Just writing a quick one tonight-I am off to bed ASAP have early meeting and it will be DARK when I leave...bleah.
Today though I doubled up on the vitamins and ate my fruit and drank my water and all that jazz. I have to get rid of the grief weight I have put on since last summer...actually I was better about eating/exercising in the summer; once Fall hit it was like I went into nuclear holocaust survivor mode. I was not unlike a bear ready to hunker down in her cave to wait out the long, cold, dreary winter.
Hmmm. Maybe that's exactly what I am doing ?
Here's to spring-and her sunshine, warm temps, daffodils and tulips. She can't get here fast enough for me.
Oh and I read this great letter/article on what to say/how people feel about grief today-
it's LONG but I really think it's important, so here it is: from an Aussie paper, no less!
(I added the bolded words to the parts I felt were the MOST important...)
How do you go on living when your partner dies?
Kate de Brito Friday, October 12, 2007 at 08:05am
I am 32 years old and find myself lost and unsure how to go on.
My partner of 10 years recently died unexpectedly a month ago from a blood clot.
She was a fit, healthy 33 year old woman and her death happened quickly; she simply collapsed one morning and it was over in minutes.
When it happened, I went into shock for a couple of weeks.
The first weeks were horrific and surreal.
I feel I have come out of the shock somewhat now but this just means I am not as numb to the pain. I have a wonderful network of friends that call me almost daily to check that I am OK.
I have truly been blessed by our close friends and will be forever grateful for their love and support.
You never realise how many wonderful friends you have until something like this happens. Notwithstanding this, I have never felt so lonely in my life.
I thought I knew what it was to grieve, but I have never experienced the depths of despair that this has taken me too.We lived together for seven years and
and I can't bear to be at home.
I have cleaned her things out of the bathroom but I simply put them out of sight into her wardrobe. I can't bear to sort through any of her things so I have hidden them out of sight behind her wardrobe doors.
I know I will have to go through her things eventually, but I have been advised to legally wait until after the will has been read.
I am scared to be on my own as the pain and despair is just overwhelming.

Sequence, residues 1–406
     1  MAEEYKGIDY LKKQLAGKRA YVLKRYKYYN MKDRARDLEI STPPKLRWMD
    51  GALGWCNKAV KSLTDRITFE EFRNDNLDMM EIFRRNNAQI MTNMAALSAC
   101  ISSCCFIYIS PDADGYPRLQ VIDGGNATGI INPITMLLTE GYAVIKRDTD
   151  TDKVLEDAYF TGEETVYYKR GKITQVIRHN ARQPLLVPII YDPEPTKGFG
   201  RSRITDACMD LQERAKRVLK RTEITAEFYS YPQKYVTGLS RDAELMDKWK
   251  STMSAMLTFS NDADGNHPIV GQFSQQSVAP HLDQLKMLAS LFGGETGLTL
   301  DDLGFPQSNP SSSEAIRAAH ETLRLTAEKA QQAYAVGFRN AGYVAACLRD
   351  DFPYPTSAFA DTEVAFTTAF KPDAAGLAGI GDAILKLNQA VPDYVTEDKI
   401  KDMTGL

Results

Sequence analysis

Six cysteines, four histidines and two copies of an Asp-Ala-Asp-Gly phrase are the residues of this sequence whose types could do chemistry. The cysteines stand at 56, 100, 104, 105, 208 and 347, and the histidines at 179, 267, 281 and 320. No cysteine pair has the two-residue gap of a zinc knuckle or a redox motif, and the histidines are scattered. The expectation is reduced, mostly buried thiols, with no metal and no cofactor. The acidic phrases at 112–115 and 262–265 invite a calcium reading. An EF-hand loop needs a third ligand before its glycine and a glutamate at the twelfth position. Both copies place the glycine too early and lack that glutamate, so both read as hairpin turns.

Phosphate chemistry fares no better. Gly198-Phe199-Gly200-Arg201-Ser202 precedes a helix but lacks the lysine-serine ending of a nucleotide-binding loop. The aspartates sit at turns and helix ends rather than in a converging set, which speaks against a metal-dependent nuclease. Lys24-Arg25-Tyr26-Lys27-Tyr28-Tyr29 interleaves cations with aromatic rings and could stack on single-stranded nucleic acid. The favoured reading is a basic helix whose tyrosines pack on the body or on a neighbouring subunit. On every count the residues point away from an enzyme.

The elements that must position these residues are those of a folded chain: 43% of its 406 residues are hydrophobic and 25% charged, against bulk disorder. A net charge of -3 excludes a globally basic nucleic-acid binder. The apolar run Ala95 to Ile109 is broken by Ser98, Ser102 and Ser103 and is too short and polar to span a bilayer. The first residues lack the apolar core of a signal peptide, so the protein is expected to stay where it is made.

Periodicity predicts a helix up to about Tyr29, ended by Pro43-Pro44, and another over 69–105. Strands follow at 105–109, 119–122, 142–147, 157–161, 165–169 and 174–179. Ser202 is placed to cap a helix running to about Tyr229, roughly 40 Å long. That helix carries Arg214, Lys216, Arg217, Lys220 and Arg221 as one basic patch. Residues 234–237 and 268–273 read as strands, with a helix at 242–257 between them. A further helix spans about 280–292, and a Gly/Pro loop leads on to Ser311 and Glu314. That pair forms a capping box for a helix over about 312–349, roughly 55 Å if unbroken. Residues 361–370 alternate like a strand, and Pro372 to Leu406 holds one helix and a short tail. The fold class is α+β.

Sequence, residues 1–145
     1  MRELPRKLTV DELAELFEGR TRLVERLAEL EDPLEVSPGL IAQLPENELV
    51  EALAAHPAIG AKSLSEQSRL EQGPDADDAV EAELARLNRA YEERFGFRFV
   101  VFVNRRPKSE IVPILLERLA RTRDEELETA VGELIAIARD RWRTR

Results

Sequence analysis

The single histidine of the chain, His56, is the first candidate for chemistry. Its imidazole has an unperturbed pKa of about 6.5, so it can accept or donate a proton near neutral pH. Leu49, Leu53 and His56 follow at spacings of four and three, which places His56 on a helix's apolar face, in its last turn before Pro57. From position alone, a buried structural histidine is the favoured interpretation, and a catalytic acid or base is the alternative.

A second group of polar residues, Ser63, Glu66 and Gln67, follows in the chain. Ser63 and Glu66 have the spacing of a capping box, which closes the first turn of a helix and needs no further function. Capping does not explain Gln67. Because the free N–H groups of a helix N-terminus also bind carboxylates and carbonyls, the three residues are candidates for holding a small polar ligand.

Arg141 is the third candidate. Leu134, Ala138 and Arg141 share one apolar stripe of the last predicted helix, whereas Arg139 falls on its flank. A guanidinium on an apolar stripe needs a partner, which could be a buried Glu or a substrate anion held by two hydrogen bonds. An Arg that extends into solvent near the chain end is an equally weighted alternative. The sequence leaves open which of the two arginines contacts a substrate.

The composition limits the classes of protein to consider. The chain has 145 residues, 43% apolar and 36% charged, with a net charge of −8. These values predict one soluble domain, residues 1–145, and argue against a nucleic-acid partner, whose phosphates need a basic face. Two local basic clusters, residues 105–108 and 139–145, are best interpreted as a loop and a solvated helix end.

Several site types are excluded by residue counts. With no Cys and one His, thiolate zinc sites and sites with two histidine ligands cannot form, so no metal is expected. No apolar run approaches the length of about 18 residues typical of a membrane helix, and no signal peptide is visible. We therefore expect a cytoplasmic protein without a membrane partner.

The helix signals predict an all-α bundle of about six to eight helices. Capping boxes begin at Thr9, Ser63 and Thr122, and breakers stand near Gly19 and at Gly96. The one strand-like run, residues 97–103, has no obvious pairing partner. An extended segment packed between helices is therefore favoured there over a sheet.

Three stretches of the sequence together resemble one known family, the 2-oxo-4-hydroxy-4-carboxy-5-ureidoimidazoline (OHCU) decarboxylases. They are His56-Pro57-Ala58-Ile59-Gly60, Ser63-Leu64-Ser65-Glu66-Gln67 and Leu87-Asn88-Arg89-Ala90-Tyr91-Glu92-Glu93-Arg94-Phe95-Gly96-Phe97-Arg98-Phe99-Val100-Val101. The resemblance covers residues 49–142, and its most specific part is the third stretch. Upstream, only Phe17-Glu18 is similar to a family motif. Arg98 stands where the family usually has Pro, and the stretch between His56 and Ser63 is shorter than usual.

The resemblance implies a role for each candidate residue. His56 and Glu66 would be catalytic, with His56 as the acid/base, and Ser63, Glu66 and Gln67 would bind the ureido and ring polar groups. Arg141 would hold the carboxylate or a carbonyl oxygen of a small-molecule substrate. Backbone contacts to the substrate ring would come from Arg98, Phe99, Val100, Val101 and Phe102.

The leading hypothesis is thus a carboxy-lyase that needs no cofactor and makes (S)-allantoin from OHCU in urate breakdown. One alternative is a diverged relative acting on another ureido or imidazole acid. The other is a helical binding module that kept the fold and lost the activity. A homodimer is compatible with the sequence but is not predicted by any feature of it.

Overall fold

So far I have managed to fill up almost every night and waking hour with activities (essentially being baby-sat by friends) but now that a month has passed I think people will start to look at going back to their normal life.
I have just started back at work but I cannot think straight and I am essentially just sitting at my desk emailing or surfing the Internet trying my hardest not to cry.
The thought of moving on feels terrible and as time keeps ticking and I feel her slipping through my fingers. She was so much more than just my partner; she was my best friend, my strength. I have never been so close to anyone and can't imagine I ever will again.
I simply do not know how to live without her.
There's just no easy answer to your question.
How do you go on living when your partner dies?
The answer is: with enormous difficulty.
And yet you just do.
I often think of grief like a vast stretch of flat land.
You look and look, searching for a sign post or a rest stop and yet as far as the eye can see, the land goes on and on, spilling outward relentlessly, pushing towards the horizon. You can't see an end...just more and more of the same.
You wonder how you will get through even a month of this pain when the thought of just getting through the next minute seems unbearable.Losing someone you love knocks you - quite literally - off your feet.
Unless you have experienced grief it can be hard to comprehend the pain and injury caused by the death of someone you love.
And even when you have experienced loss along comes this greater grief and slams into you like a fleet of trucks. I hope you won't underestimate what you're going through.